Daily Management Review

US Economic Growth In Third Quarter Likely Slowed Down Due To Delta Variant


US Economic Growth In Third Quarter Likely Slowed Down Due To Delta Variant
With Covid-19 infections spreading throughout the globe as well as in the United States, there was straining in the global supply chains and resulting in shortages of items like vehicles. That potentially led the US economy to grow at its slowest pace in more than a year in the third quarter.
Strong inflation, fuelled by economy-wide shortages and government pandemic rescue money, is projected to weigh into growth which is expected to be reflected in the US Commerce Department's advance gross domestic product data which are to be released.
The economy was further hampered by dwindling fiscal support and Hurricane Ida, which wreaked havoc on US offshore oil production at the end of August.
However, there are indicators that economic activity accelerated towards the flag end of the quarter as cases of Covid-19 infections caused by the delta variant of the coronavirus declined. 
"Delta is the biggest reason why we have this noticeable deceleration," said Ryan Sweet, a senior economist at Moody's Analytics in West Chester, Pennsylvania. "We're going to see growth re-accelerate in the fourth quarter and the first half of next year as the effect of the Delta variant begins to wane. It doesn't mean that we won't have future waves of COVID, but with each passing wave, the economic costs continue to diminish."
According to a Reuters poll of economists, American GDP likely grew at a 2.7 per cent annualized rate in the third quarter. However, the poll was conducted prior to data being released on Wednesday indicating a substantial increase in the goods trade imbalance in September, despite a drop in exports.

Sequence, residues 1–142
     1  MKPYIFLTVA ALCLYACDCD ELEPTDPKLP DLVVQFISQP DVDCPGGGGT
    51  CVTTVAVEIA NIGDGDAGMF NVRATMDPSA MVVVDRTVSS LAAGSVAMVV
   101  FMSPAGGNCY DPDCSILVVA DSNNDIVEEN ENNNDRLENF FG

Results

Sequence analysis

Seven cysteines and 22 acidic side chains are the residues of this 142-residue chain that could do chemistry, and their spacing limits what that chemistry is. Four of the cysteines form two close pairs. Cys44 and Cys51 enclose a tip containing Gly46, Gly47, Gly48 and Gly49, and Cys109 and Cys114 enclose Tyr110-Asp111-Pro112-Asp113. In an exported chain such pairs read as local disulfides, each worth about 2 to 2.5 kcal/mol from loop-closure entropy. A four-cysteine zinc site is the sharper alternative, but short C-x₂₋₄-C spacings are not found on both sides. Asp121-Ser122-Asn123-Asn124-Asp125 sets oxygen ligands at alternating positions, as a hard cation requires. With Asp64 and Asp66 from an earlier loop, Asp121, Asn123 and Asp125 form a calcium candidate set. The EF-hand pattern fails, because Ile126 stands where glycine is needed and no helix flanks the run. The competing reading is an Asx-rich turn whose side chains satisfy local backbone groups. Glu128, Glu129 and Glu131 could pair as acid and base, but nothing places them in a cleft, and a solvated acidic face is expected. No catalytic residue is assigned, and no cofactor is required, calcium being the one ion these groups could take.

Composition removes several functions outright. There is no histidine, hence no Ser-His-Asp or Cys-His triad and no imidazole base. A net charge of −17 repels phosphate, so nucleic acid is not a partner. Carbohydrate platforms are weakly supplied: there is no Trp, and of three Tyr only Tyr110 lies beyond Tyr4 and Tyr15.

Major Wall Street firms, notably Goldman Sachs, were prompted to lower their GDP growth prediction by half a percentage point to 2.75 per cent because of the largest goods trade gap on record. Its already low forecast of 0.5 per cent was further lowered to 0.2 per cent by the Atlanta Federal Reserve.
Irrespective of what the actual GDP growth numbers turn out to be, it is most likely that the US economy went through its slowest performance in the third quarter since the second quarter of 2020, a period when there was a historic drop in the wake of strict obligatory restrictions imposed in the country to contain the first wave of the Covid-19 pandemic.
In the second quarter, the economy expanded at a rate of 6.7 per cent. Labor shortages in factories, mines, and ports were exacerbated as a result of the Delta variant of the coronavirus, along with stagnation in the supply chain.
A moderate pace of inventory reduction is expected to mostly be the cause of the expected limited growth in the third quarter of the current year. Due to shortages, especially of motor vehicles, the overall inventory accumulation also remained low during the quarter.
Aside from the shutdown in spring 2020, September was the worst month for auto production since 2010, due to a global semiconductor shortage.
"The largest boost to GDP should come from a slower drawdown of inventories compared to in the second quarter, as supply shortage issues initially presented through weaker inventories but now have become a constraint on consumption instead," said Veronica Clark, an economist at Citigroup in New York.